Yellowstone National Park- If you are an outdoors person you know this park. In recent years most of the attention is in the national news from a tourist doing something dumb, illegal or both in regards to the parks thermal features or wildlife. The protected land in Yellowstone is situated on a hot bed area of dynamic thermal activity which results in over 10,000 thermal features throughout the park, though the most known is arguably Old Faithful. Hundreds of thousands of visitors flock to this National Park every year, but as is true with most of our nations parks, far fewer people leave the paved trails. This is a shame, as there are always so many things to discover beyond where the pavement ends. This is a classic park, something we all know and love and the first park in the entire world to be recognized and protected for its unique features. I chose this map to represent the Garden Couscous. It was one of the first recipes that I developed and is still the perfectly light, four season go to option for any adventure. Just like Yellowstone, this is a classic, and one of the under appreciated meals in our line up.
My favorite memory of Yellowstone National Park:
This was my first solo backpacking trip since arriving back to America in 2014. I remember excitedly packing up my pack at my vehicle. I was on the tail end of completing an adventure from east coast to west coast the previous couple of months. Being that I had been on the road so long, I had most of my possessions in the vehicle and trailer that I was pulling and was cognizant that everything needed to be locked. As I was leaving the car park I locked my doors with the clicker, making sure the horn honked three times; because I am one of those people that think the first two don’t really count. Third time is a charm! Then off I went into the woods.
The extra large can of bear spray on my hip, obnoxiously large knife attached to my pack and my crisp topo map gave me a sense of security, independence and confidence as I proceeded down the trail to my first back country site. I remember being a bit on edge as I came across my first pile of fresh scat on the trail along with some large paw prints. I quickly referenced a track identifier paper that the rangers had given me to see if I could assess which type of bear it was. I don’t know that I ever ended up identifying it, but that most certainly heightened the senses. I distinctly remember the acute feeling of being part of the environment in that moment. I wasn't just passing through this time, I would be existing as part of it for three days.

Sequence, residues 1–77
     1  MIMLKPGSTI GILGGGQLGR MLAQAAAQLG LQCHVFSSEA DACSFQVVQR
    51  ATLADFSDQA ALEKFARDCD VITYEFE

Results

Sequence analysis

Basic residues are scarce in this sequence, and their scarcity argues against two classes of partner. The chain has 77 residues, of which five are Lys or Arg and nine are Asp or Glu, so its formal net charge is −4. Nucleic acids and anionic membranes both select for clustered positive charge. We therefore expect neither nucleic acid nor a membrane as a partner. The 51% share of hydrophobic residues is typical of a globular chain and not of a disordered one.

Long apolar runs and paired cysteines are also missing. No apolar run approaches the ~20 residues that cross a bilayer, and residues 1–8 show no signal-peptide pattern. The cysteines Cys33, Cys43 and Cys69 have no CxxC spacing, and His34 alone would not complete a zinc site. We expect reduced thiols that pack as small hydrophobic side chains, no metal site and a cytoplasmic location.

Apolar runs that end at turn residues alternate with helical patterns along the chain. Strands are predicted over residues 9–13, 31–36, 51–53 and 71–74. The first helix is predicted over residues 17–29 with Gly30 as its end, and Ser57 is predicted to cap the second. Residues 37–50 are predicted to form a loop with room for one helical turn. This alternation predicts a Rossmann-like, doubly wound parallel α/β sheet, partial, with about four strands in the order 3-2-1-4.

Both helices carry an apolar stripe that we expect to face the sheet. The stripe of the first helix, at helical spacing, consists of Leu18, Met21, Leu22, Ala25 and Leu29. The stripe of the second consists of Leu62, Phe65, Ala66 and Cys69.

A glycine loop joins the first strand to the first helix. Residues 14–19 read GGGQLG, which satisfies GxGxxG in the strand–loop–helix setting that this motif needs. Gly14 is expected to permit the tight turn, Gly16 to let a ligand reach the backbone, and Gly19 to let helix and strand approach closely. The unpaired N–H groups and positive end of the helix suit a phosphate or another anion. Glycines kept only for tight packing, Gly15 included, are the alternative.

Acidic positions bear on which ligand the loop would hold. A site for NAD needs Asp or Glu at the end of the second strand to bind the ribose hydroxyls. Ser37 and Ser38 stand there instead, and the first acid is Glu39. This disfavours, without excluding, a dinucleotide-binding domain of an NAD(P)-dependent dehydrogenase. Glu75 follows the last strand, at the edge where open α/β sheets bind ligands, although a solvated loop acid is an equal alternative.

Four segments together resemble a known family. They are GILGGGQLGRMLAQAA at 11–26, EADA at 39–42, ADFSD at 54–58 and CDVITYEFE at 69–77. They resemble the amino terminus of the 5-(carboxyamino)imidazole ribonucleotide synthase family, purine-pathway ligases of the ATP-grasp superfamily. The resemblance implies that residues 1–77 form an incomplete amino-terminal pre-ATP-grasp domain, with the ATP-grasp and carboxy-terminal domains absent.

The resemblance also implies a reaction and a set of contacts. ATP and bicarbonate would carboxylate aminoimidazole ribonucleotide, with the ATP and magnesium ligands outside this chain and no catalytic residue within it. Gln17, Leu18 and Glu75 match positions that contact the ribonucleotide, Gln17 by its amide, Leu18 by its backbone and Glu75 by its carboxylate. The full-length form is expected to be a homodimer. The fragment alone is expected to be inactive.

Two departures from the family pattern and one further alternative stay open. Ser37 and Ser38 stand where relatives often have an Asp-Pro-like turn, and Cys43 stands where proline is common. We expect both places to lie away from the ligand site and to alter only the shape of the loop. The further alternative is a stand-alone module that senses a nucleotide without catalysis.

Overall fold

My destination, Heart Lake, was a bit of a letdown as a destination in comparison to some of the more iconic features of the park, but truthfully that wasn’t what this trip was about for me. It was about inspiring that confidence, proving that if you believe you can, then, you can. It was about being present, learning, and relaxing.
On the third day I packed up and was heading back to the car, appreciating the good weather and embracing the accomplishment of completing that solo trip. As I arrived back to the car park I see no windows in either my passenger side or drivers side windows. I felt a knot rise up in my stomach and was so upset that someone would break into my car, especially out here of all places. I was immediately running through each person I had passed along the trail the previous days, wondering who it could have been. As I got closer to the vehicle I was getting pretty angry as I realized they must have been professionals because there wasn’t a shard of glass anywhere to be seen. At least they were leave no trace thieves right? It wasn’t until I was frantically digging through my console to see what was missing that I found my GPS in tact, my cash not missing, nothing disturbed what so ever.
By now you must have realized the same thing I had. I was the fool here. In my rush of excitement and anticipation of getting on the trail I hadn’t even remembered to roll up my windows! (Good thing I made sure those doors were locked three times!) This was a lesson all its own, and it taught me something about the types of people that you find in places like this. They are by and large well intentioned, honest humans who even when given an opportunity to harm others chose not too. I felt bad about being so accusatory with my thoughts, but grateful that people had not taken advantage of the situation.
The great outdoors draw all types of people, and it is a place for all to enjoy! Get out there and explore, just make sure to roll your windows up when you do!